When it comes to maximizing investments gains, the amount of time you spend in the stock market is far more important than when you get in. When I make this case, I tend to get several questions about the role valuations should play in investment timing decisions.
Let me reiterate: Length of participation in the market is far more important than timing your entry into the market. That said, we are all better off as investors when stock valuations are low. These two points may seem at odds, but let’s walk through why valuation, expressed as a stock’s Price Earnings ratio, or “P/E”, does matter for long-term returns, and then plug it into the bigger picture.
When valuations are low, we are better off as investors in stocks. Why? Because the stocks are cheaper. And cheaper is the operative word here. Another way to look at this point is to consider how much we are paying for $1 of earnings. Are we paying $10, or $15? Historically, paying $10 is better.
With the help of the Ned Davis Research Group, I went back and analyzed forward stock market returns when investing at different valuations. What I wanted to discover? How do markets fare over the next year, on average, when the P/E ratio is high versus mid range versus low range? Here’s what I found:
And I want you to commit this next point to memory: It’s not about the market’s odometer level; it’s about what we are paying for the current odometer level.
Take a look at the data for various odometer levels, what we pay, and what we earn:
1. Stocks are on sale, or below sticker price. When valuations are low, the P/E ratio is at 9.5 times or lower, expected returns are high, to the tune of 20% per year. That’s right, per year.
2. Stocks are at sticker price. On the other hand, when stocks are fully or appropriately valued, with the P/E ratio in the mid range of 9.5 – 16.5 times, expected returns come in at around 5% per year.
3. Stocks are above sticker price. In this scenario, valuations are greater than 16.5 times, meaning the P/E is high. Returns are relatively flat over the next year.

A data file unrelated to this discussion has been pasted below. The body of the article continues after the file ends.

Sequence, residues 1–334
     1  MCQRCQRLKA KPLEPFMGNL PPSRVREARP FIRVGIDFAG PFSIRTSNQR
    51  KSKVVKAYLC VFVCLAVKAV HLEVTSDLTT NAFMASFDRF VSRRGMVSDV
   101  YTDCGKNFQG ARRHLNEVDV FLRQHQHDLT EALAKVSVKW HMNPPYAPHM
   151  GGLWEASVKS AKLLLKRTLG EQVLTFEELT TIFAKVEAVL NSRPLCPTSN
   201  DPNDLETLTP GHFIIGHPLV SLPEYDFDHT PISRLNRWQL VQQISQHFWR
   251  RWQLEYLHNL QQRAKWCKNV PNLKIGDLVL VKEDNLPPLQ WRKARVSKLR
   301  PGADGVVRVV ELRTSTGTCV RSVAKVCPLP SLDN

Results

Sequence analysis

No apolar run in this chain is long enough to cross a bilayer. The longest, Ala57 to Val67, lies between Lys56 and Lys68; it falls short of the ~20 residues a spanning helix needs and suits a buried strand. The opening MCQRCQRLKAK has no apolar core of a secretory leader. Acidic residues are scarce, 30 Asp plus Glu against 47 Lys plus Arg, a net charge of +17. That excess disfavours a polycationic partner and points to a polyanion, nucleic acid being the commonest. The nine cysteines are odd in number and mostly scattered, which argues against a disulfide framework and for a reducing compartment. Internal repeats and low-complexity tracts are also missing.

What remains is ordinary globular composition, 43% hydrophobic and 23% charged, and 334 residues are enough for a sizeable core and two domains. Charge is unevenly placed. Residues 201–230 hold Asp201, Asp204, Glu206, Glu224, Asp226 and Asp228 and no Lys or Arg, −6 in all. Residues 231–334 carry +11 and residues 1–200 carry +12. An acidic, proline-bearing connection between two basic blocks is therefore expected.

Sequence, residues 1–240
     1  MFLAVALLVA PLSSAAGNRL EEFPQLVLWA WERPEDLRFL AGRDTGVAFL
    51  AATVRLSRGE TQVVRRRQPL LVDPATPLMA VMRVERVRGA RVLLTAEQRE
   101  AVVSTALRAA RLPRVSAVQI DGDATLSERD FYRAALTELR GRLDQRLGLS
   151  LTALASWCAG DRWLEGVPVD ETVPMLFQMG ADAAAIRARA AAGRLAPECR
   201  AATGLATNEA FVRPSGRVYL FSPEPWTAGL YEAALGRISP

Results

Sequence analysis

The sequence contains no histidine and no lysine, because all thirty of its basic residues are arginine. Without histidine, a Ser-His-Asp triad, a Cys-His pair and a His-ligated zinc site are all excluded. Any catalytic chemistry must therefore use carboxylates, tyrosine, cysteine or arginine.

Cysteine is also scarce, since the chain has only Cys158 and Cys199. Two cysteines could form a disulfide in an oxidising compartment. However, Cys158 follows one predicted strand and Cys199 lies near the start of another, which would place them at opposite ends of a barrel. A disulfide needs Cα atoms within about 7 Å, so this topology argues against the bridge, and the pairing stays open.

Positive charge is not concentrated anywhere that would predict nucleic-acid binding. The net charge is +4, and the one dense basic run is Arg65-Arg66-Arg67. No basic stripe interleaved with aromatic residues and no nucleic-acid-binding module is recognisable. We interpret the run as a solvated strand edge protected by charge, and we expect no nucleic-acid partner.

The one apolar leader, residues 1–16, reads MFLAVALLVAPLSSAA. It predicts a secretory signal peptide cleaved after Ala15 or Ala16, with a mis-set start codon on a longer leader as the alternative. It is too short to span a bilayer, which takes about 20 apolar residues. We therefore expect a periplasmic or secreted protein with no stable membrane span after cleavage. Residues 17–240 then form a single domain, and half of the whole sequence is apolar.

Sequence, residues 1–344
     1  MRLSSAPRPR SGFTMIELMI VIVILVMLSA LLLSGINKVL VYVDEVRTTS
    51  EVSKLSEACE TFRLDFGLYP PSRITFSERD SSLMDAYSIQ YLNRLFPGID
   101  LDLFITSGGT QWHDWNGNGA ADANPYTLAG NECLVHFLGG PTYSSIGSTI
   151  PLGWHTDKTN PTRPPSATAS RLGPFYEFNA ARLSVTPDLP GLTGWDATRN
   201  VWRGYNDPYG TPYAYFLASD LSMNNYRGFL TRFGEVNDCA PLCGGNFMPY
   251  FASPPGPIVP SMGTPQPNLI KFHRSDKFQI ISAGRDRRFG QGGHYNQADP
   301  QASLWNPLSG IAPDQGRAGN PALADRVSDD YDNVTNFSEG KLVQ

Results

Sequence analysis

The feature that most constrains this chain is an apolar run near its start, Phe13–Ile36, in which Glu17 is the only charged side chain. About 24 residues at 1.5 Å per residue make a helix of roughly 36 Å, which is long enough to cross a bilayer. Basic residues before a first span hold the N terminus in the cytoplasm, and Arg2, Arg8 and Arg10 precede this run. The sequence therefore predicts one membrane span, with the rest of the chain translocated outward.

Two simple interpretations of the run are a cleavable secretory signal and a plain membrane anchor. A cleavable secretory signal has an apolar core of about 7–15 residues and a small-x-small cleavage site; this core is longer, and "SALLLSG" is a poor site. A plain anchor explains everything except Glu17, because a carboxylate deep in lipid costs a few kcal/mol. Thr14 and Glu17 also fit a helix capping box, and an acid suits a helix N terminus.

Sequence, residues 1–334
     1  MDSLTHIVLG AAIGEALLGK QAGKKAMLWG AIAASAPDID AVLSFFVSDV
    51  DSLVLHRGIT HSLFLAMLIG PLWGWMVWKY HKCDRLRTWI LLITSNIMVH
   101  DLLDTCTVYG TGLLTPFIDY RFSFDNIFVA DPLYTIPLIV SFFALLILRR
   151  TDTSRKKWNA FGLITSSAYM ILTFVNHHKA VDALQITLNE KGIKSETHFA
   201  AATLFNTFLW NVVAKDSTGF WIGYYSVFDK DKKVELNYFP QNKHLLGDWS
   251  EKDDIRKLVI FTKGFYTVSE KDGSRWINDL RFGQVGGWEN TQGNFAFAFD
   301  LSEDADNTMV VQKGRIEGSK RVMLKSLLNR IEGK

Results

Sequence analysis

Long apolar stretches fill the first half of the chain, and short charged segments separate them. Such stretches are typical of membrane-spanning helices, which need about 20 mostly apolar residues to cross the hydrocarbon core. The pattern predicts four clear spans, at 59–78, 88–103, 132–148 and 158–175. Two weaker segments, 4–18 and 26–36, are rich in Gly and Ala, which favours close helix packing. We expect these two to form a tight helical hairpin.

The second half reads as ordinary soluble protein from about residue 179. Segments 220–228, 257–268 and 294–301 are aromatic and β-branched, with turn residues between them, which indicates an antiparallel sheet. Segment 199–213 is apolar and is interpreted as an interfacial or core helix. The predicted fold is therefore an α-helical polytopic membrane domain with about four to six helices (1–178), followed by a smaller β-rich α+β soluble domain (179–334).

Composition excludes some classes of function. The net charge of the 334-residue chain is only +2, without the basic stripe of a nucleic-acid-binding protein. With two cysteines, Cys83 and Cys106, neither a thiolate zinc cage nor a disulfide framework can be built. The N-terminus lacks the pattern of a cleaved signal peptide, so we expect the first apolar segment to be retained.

Incidentally, this is where we find ourselves today – just north of sticker price levels at 18. While today’s market is at a historically high level, that matters less than what we’re paying for that level. Back to our analogy, we’re paying a bit more for the odometer level these days. Not tremendously more, just a bit more. An important point to remember is that we don’t stay in any of these three ranges listed above forever. We move in and out of the categories as the market changes and shifts.
So, yes, valuations matter. What also matters is spending time throughout the three categories above. Think about it. To control your point of entry with valuations, you would have to time the market perfectly – and not just once, but over and over again. We know that this is an impossible game. It’s nearly impossible to foretell the market and to control valuations at your entry point. But, your own discipline and participation are much easier variables to control. This is because it’s up to you.
Investing success is less about perfection and more about participation. Period.
As long as you have time (meaning years, not days), the amount of time you are invested handily trumps how you timed your purchase, i.e., when you “got in.” The best context to use here is of participation and time, not the unrealistic context of market timing perfection.